Wiesenthal’s life, legacy comes alive on stage
TORONTO — It was a day of extreme sadness, emotional stress and tears fitting the solemnity of Yom Hashoah.
But that didn’t stop American-born, award-winning actor Tom Dugan from using a delicate brand of humour in an engaging and eloquent performance that depicted a man who dedicated his life to seeking information and tracking down fugitive war criminals.
Dugan was Nazi-hunter Simon Wiesenthal.
An Irish Catholic son of a decorated U.S. soldier who helped liberate Buchenwald, one of the largest concentration camps in Germany in 1945, Dugan had an interest in history and the horrors of death camps.
Now 51 years old, Dugan didn’t hesitate when the opportunity came to write a two-hour script and then perform the role of the Austrian-born Holocaust survivor in the play, Nazi Hunter – Simon Wiesenthal.
After a morning performance at the Toronto Centre for the Arts before some 500 Grade 7 to 12 students from schools across Ontario, Dugan was brilliant again for an evening crowd that included survivors and children of survivors.
Sponsored by Friends of Simon Wiesenthal Center for Holocaust Studies, the production used a stage that simulates the infamous Jewish Documentation Center in Vienna. The setting was Wiesenthal’s retirement day, and he recalled stories in a masterful solo performance, with wit, humour and brilliant acting.
Dugan recounted the story of Wiesenthal and how he cheated death while being tormented by Hitler’s SS, and then dedicated his life to bringing to justice many mass murderers. While packing up his files in 2003, Dugan gives a remarkable depiction of Wiesenthal and his stories before he left the war behind and his office material boxed and ready for transportation to a Los Angeles museum.
“Although progress has been made since those horrible days of the Nazis, there is work still to be done, and I felt an obligation to pass on the important lessons learned from the generations of the past,” Dugan said in an exclusive interview with The Canadian Jewish News.
“I would never have written this show if Wiesenthal didn’t have a magnificent sense of humour – he was a comic before the war,” Dugan said. “It had to be made in a presentation style that was palatable and entertaining, to conquer a tough subject.
“Look, some people thought this would be a drag – long, boring, same old stuff. While humour really works with young crowds, the subject had to be broached in a way that didn’t turn people off, but got people to absorb the message.”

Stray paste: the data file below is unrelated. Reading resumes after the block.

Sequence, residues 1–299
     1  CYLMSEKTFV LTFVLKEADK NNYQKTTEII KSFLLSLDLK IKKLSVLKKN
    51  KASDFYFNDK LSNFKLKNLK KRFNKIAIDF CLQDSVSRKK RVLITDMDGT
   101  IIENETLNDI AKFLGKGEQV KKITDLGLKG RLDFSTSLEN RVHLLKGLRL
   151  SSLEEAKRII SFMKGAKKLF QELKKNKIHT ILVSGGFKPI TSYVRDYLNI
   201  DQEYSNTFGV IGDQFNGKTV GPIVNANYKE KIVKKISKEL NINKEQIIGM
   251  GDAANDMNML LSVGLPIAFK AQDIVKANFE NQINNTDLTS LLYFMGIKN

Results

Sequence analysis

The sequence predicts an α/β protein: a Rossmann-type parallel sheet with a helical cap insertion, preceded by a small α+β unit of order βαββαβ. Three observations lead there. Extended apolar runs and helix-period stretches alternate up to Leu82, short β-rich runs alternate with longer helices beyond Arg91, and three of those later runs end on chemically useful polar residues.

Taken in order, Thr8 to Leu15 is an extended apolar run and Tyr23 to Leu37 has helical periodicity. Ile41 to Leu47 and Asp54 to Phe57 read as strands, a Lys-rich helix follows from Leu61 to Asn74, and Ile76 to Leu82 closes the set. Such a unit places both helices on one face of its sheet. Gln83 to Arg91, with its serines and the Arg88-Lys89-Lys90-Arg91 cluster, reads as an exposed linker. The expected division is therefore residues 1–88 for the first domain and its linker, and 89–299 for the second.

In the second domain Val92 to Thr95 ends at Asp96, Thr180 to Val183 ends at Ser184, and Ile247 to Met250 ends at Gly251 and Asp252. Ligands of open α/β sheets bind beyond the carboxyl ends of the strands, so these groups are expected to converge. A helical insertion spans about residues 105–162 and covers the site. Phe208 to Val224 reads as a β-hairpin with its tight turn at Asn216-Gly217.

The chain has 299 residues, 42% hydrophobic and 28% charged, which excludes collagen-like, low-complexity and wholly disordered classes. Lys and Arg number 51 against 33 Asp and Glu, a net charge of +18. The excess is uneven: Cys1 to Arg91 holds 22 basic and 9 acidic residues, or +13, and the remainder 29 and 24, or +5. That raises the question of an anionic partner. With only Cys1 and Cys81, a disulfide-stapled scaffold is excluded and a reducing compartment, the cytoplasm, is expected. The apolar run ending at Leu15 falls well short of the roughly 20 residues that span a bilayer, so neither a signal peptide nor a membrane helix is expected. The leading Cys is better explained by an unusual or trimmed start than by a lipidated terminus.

To become a Wiesenthal look-alike, Dugan had to add padding that would make him look 50 pounds heavier. It also meant shaving part of his full head of hair to resemble Wiesenthal’s baldness and then studying with a dialect coach to match his Austrian accent.
“This is not a play about history, it’s a play about now and tomorrow. Humanity is struggling now with the things that happened in the ’30s and ’40s, and we need to do everything possible to make sure this doesn’t happen again,” Dugan said.
“There were something like 22,000 criminals, and I helped catch 1,100, about five per cent,” Dugan said in the performance. “I‘m ashamed of that small number.”
Dugan had several lines that sparked mixed reaction.
“Austria is a beautiful place, the skiing is great, but they don’t mention how many Jews were killed there.” And, “They called me the Jewish James Bond,” or, “I like it when one Nazi tells another – I will tell Simon Wiesenthal about you.”
Eden Granovsky, a 10-year-old student at the Toronto Heschel School, thought Dugan’s decision to use humour was a smart move.
“[The humour] kept me engaged and not feeling so sad,” Eden said. “ It was like finding a treasure of valuable knowledge that added to what I know about the Holocaust.”
Max Abrams, also 10, had a similar reaction. “Thought it was outstanding and very touching,” he said. “I now have a better understanding of what my grandfather went through.”
And Czech-born Helena Fine, the recipient of a special award from the Friends of Simon Wiesenthal Centre before the performance, gave it a thumbs-up.
“It was a wonderful performance with moments that I got to know Wiesenthal much more than I had known,” said Fine, whose mother was a Holocaust survivor. “The message is to learn and keep educating the young. Life goes on, and I don’t think we should continue to be so sombre.”
Yet, 83-year old Alexander Eisen, who escaped the Budapest ghetto and went on to write a book of his memoirs called A Time of Fear, said, “I respect [Dugan’s] artistic talent, but I would have appreciated more of a historical speech, more of a serious theatrical performance. I didn’t laugh. I survived the Holocaust.”